(I wrote this in honor of the new crossover section. I just feel bad at the end of AU fics where Raoul ends up alone, so I made this for him. This is going to be an E/C fic, I just wanted to bring out the Other Woman (who is not a Mary-Sue, as you will see in later chapters. I've tried to make this palatable for as many people as possible. I'm not sure what universe this is, maybe its a mix of everything. There are no truly evil protagonists in this, everyone is just a little silly. Prepare for the unexpected, including a songfic or two, anything is possible. Anyway, I hope you're still here after reading this novel-length note, and I hope you'll enjoy.)

As much as he loved his sister, he hated having to visit her.

He knew that was very cruel to say, but he was still young. He wasn't some bored housewife with nothing to do, who wanted to invite people for tea just to create some purpose in their hollow existence.

That may have been too much. He scolded himself for not controlling his temper, and being easily flustered over the delay. The carriage seemed to have rolled into a small pothole, and the right wheels were digging into the mud.

To top these fortuitous events towards a most anticipated afternoon, it started to rain.

He cursed his fate. This was a new suit, and he had spent a good deal of money getting the waistcoat altered. Heaven knows how all this water was affecting the silk.

After twenty minutes, he was starting to sneeze. He rubbed his nose, paid the driver, and headed off to the manor...where ever that was.

After getting lost for a good twelve minutes or so, he was able to loose himself enough that he knew perfectly well where he was. After straightening the remains of his cravat, he rang the doorbell. He barely had time to register bright blue eyes with tiny creases around the edges before he was trapped in a rather improprietal, bone-crushing hug.

"Raoul! Thank goodness you've come!" Much to the relief of his lungs, she let go and inspected his clothes, "Oh, you look dreadful! Come, sit by the fire. Your trunk has already arrived, and I've made sure everything has been sent to the blue room, the one with the view of the sea. I remember how much you like it."

Now he remembered why he liked coming here. Now that he was with his sister, laughing over old stories from long ago and watching her pretty face with all of its many silly expressions as she rambled on about the latest gossip. Being with her always reminded him of his mother, and as much as he hated to admit it, she was becoming a distant, faceless blur as the years went on.

Of course, the sea was another added bonus. His brother joked that with all the time he's spent in the Navy, the last place he would want to be right now would be the coast. This was far from the case. The sea was protean and natural, unlike the rigid, stifling city life in Paris. Every time he came to that one place by the sea, his favorite place in the world, it would always be different. There would always be something new to discover, like a starfish when he was five, the the scallop shell when he was eight, and the pretty girl with the red scarf when he was ten. He wondered what happened to Little Lotte, but he knows she's somewhere out there, barefoot and collecting seashells by the beach.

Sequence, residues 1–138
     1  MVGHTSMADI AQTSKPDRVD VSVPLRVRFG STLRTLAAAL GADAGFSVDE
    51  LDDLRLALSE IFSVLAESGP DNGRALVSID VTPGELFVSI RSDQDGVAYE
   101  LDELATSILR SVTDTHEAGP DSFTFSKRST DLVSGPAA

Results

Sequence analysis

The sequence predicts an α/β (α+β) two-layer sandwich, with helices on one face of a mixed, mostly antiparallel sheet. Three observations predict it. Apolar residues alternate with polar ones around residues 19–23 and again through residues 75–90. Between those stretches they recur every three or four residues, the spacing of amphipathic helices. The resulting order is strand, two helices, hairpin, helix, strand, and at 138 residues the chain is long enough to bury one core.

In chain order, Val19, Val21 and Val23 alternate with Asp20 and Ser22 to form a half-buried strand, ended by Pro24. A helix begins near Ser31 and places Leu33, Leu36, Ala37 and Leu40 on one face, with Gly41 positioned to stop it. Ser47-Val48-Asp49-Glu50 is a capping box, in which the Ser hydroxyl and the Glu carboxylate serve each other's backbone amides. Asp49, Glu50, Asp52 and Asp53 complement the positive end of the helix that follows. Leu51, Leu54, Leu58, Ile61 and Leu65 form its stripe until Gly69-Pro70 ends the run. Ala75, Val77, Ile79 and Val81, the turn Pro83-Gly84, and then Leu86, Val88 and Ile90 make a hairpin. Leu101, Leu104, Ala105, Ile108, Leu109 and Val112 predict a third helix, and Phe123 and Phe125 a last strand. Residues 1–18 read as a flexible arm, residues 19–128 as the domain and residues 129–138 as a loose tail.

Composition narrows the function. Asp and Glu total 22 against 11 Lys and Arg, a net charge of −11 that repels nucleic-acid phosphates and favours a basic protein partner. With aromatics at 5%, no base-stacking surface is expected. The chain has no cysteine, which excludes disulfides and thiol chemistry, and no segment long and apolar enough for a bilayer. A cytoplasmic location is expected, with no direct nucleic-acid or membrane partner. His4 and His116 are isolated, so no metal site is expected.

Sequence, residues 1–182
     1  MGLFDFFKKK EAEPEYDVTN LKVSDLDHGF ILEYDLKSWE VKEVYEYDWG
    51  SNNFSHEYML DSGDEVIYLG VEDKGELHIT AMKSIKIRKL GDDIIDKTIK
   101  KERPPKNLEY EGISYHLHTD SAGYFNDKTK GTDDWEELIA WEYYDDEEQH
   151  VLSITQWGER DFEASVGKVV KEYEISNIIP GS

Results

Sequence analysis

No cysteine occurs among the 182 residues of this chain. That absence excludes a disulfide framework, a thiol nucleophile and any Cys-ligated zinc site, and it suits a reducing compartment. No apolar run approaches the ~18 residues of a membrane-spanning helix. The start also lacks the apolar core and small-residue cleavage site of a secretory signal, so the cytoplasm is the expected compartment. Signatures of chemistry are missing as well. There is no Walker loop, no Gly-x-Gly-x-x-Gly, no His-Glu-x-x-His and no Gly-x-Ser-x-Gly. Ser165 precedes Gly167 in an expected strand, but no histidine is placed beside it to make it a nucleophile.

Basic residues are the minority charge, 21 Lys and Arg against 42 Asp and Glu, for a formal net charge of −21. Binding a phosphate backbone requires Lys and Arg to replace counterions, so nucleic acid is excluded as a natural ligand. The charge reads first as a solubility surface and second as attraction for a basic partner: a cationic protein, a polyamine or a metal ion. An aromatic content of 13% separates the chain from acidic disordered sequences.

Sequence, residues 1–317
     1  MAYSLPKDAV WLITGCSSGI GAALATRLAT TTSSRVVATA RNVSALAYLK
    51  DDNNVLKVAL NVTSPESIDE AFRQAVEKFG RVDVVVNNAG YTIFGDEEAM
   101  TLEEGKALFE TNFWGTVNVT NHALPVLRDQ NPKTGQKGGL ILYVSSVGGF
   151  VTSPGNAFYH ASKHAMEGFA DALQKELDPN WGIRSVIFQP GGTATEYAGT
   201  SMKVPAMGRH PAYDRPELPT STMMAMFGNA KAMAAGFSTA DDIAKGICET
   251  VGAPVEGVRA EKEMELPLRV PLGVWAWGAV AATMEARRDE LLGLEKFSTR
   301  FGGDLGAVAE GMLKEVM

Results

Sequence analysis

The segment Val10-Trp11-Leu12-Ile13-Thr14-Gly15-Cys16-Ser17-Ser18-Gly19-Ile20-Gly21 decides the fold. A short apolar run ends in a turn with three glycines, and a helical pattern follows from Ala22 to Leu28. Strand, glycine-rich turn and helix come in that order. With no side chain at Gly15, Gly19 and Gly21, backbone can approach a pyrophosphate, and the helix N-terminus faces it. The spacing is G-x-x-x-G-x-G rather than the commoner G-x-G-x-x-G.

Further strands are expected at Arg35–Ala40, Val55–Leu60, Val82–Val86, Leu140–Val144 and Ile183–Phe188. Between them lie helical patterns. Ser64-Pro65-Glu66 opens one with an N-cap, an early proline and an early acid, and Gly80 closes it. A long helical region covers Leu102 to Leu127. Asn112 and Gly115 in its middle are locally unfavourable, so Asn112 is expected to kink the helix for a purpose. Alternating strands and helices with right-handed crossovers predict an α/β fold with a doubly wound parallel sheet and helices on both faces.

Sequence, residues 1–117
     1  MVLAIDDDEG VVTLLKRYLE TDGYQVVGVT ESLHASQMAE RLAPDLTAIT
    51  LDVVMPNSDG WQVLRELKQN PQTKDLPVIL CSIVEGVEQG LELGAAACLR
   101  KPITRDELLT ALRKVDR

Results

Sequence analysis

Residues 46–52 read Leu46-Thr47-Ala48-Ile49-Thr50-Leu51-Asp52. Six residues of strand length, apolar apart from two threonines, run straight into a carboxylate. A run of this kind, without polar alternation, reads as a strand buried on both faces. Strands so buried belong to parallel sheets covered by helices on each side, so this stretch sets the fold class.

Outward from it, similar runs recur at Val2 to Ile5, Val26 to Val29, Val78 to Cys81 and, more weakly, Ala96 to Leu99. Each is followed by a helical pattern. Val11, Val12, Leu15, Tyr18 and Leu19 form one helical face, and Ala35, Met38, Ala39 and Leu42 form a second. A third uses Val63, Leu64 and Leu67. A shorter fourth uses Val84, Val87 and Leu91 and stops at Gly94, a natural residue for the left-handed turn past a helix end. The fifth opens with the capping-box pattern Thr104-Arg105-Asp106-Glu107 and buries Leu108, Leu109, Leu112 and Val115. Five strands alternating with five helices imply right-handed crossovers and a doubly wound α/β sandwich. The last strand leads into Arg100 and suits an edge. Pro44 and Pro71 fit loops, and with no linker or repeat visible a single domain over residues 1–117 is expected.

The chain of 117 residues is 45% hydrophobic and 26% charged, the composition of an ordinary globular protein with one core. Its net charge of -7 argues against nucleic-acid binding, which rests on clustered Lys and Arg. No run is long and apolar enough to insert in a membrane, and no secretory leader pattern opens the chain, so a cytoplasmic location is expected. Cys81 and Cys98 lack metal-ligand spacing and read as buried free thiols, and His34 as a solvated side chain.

"It's just like I remembered it," he smiled. He noticed how quiet the house was. "Where are the children?"

"Jeanne thought it would be a good idea to take them out on a walk after luncheon."


"Oh, yes, I forgot to mention her. She's the new governess I've hired. Quite a nice girl." She left it at that, there wasn't much of a need to say more.

The next two days were uneventful, and he loved it. After years of keeping every minute accounted for at the naval academy, loafing off was the most excitingly sinful experience. He took walks, rode one of the horses at the stable, and finally caught up on his reading.

"You cannot stay cooped up in the house for the whole week. There are a few other families vacationing here as well, with pretty daughters who will probably want to throw parties to show them off," She thought her neighbors were a bunch of inbred fools who were more pretentious than they could afford to be, she must be getting desperate. "Wouldn't it be lovely to spend an evening doing something worthwhile?"

"I wouldn't call a ball anything worthwhile, you know how much I detest them. All those giggling, simpering..."

"Laurent and I are going, so if you do not accompany us, I'm afraid you will not be able to have any dinner," she replied stiffly. "I always dismiss the servants when I go away for the evening, can't let them go snooping through my jewels and whatnot."

Raoul smiled, "I think I'll survive."

His sister gave one last dramatic sigh of defeat, (shame she wasn't born into a lower station, she would have made a brilliant actress) and walked away. Glad to have one this battle, he picked up his copy of The Count of Monte Christo, and headed outside to his favorite tree.